Album Review: Loathe – The Cold Sun

Defined as the action or process of trying out new ideas, methods or activities, experimentation is a key necessity to keep humanity moving forward and to continue the progression that it entails. Try to imagine a world where this was not done and everything stayed complacent; after a very short period, large swathes of the population would lose their lust and desires for life and what comes with it. This is why fresh, young blood is needed in all platforms of life as the younger generation shows a higher willingness to adapt and experiment. While musicians have never been people to shy away from change, up until the past few years, there was a period where stagnation started to creep in within certain genres and subgenres. Fortunately, acts young and old have stepped up to the plate to introduce their idea of what music is and one such act is the experimental and distinctly sounding SharpTone Records signees Loathe. The UK quintet has always had a sound that delved into the heavier sides of metal, but their debut album, The Cold Sun not only serves as a conceptual record in theme, but also in sound as listeners are taken on a 35-minute journey into some of the darkest aspects of humanity.

[tw-toggle title=”About Loathe”]
Genre: Deathcore | Metalcore | Experimental
Label: SharpTone Records
Release: April 14, 2017
Connect: Facebook | Twitter
Purchase: Choose Your Preference

When someone first sits down to listen to a record, there is typically an expectation of what it will sound like based off of the labeled genre. While Loathe is slapped with a label and their foundation is derived from the deathcore realm, it’s unfair to simply label The Cold Sun within one genre as the experimentation and differing styles wrapped into the sound found here is quite unique. To fully understand the sound presented here, people will have to listen in full as it’s about more than just a playthrough or two, it’s about the entire journey listeners are on taken on. That being said, there’s a large reliance on utilizing programming to creating haunting and atmospheric moments like the record’s opener, “The Cold Sun”, which is nothing more than a quiet and slowly building string section before the word ‘loathe’ is presented and the sound of “It’s Yours” fully kicks in. It’s these transitional moments that maintain the level of cohesion that can only be found on a record that was initially created to be a fully realized, conceptual journey for the band and the listener. Traditional records rarely, if ever, come close to this type of song continuity as they’re created with different ideologies.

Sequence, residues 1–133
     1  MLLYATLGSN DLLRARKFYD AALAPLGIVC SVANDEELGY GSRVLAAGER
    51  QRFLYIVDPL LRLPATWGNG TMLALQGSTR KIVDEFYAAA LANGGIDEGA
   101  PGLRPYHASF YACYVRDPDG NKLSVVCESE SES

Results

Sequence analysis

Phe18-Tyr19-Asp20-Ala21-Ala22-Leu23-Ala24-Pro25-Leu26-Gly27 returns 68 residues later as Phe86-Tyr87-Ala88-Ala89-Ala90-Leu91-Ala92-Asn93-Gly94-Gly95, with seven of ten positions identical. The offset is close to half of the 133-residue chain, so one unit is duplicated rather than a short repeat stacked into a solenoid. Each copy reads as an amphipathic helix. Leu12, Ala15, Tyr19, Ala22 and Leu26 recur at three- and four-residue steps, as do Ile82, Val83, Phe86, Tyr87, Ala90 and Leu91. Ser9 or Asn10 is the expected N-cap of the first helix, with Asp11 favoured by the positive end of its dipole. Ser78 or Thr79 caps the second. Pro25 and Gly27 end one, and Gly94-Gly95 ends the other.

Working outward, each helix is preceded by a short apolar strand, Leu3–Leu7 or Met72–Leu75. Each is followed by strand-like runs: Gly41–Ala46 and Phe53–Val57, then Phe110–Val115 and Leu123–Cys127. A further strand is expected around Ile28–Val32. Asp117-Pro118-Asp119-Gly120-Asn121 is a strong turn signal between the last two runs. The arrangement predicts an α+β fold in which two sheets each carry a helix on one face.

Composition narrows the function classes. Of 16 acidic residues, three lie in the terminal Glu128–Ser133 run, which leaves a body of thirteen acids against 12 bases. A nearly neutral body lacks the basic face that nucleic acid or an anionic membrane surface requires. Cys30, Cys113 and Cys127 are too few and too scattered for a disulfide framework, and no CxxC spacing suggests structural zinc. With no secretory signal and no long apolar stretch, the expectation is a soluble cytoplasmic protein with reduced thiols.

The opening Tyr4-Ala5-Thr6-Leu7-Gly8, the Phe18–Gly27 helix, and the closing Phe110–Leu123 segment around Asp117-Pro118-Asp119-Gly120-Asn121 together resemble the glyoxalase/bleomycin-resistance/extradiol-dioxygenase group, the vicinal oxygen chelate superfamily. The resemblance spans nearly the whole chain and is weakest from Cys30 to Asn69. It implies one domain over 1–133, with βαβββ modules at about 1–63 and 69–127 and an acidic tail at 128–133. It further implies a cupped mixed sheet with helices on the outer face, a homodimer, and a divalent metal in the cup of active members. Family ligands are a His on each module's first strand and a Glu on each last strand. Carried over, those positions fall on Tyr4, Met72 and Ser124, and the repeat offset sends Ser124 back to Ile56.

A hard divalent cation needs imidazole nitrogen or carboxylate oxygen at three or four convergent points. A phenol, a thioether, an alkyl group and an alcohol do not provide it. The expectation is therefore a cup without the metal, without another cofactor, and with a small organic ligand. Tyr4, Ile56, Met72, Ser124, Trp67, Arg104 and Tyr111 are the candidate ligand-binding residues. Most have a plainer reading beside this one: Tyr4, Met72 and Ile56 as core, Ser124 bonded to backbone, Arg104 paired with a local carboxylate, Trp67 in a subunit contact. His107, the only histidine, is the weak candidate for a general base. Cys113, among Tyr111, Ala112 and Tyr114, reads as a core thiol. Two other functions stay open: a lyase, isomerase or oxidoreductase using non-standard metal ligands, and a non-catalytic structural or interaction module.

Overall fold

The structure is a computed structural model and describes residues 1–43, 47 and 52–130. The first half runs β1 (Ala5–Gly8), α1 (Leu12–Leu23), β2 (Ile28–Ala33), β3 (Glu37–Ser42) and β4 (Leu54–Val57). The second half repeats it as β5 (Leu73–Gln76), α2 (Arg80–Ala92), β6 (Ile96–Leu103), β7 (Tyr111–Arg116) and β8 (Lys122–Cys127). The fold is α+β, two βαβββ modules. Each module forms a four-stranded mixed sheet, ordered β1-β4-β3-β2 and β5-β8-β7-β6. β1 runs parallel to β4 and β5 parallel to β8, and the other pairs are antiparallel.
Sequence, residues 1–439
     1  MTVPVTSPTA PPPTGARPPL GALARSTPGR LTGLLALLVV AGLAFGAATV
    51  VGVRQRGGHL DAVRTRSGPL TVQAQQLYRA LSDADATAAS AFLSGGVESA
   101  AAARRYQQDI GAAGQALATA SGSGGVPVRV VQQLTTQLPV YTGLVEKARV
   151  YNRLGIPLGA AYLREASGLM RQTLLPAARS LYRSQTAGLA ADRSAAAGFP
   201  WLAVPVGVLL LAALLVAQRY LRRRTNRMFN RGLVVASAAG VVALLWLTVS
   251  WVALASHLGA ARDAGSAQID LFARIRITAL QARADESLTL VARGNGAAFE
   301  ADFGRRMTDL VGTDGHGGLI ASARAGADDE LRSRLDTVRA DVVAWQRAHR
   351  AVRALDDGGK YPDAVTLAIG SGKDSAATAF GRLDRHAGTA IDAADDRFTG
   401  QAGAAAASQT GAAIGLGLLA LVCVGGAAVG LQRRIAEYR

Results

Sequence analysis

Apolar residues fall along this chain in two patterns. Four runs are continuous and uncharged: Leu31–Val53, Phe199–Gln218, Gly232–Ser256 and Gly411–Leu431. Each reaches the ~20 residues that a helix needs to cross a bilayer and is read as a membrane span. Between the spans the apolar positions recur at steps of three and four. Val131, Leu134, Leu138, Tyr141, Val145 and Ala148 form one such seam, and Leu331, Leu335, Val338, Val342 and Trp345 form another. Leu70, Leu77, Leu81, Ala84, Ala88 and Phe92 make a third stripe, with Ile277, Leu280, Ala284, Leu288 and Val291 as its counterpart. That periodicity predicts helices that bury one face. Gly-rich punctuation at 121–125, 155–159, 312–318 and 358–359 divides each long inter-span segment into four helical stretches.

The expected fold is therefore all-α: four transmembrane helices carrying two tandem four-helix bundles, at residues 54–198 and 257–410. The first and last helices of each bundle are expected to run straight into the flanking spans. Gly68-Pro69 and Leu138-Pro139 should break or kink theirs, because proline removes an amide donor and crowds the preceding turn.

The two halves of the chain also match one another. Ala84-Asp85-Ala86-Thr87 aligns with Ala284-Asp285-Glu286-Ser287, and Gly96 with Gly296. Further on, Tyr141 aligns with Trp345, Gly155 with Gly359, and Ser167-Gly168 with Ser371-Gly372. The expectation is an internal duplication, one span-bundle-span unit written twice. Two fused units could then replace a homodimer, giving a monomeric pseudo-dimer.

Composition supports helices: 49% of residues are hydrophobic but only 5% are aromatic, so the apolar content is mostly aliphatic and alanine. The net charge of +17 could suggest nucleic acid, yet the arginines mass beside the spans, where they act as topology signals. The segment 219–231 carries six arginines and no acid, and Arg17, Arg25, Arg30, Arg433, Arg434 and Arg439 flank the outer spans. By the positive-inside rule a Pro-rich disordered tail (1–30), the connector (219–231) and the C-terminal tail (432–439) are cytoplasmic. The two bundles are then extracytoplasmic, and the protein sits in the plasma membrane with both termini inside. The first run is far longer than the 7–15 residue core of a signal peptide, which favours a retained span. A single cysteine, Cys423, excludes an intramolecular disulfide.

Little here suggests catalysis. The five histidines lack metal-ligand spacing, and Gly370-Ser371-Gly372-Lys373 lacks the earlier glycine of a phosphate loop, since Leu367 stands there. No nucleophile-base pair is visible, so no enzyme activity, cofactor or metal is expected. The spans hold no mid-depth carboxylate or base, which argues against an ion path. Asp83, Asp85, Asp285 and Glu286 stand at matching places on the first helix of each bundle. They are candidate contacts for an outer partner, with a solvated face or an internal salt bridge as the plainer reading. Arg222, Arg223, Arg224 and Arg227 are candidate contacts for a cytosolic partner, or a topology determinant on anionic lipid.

Loathe – It’s Yours (OFFICIAL MUSIC VIDEO)

ALBUM AVAILABLE HERE: iTunes: Amazon: Amazon MP3: Google Play: LYRICS Claim what’s yours Follow in his footsteps Loathe as one Carved into their foreheads Worship this primal sin Exhausted, I’m craving more Incessant, it’s pulled me in Screaming “It’s yours, it’s yours” It’s yours Do you remember me?

Continuing on the basis of The Cold Sun’s overall sound, it’s rather dark and brooding and reflects the lyrical content quite well. The vast majority of the record lives in this spacey, downbeat realm with brooding, down tuned guitars and a lot of backing effects that all envelope listeners into its post-apocalyptic world. This sound is most noticeable during the four-song stretch that runs from “It’s Yours” to “Loathe” as it gets very haunting and ghastly musically with heavy, effect driven soundscapes that rise and fall with the heavier screams and sparsely, but well utilized cleans. It’s these vocal stylings that should not go overlooked as the growls contain a level of anger and despair while the cleans have a fleeting sense of hope in the dark and cold world that Loathe are living in. With all the uniqueness and praise we’re throwing towards the band, there is a huge downside and it lies within the longevity and length of the record. Sometimes there’s a point of going too far down a rabbit hole in creating so much depth to a record, and at a certain point it feels as if Loathe crept down there, before coming back up for air as the The Cold Sun is quite short. Further disappointment lies in it containing a large swathe of interludes, that while they help keep continuity between tracks and keep the tale going, feel like a disappointment as most amount to nothing truly captivating.

With their debut, Loathe offer up a lot for listeners to take in. There’s a level of visualization that carries across the entire package, from the darkest depths of the music and the mindset it gets listeners in, the visual representation that is created for specific songs thus far and the end of the world, anime-stylized album art that harkens to something similar to Akira. Coupled with the conceptual theme of a dark, post-apocalyptic tale built on two adjacent timelines of a dystopian future, it’s a form of artistry that is rarely found in the deathcore genre and one that causes listeners to become fully engrossed in not only the music, but the world of The Cold Sun.

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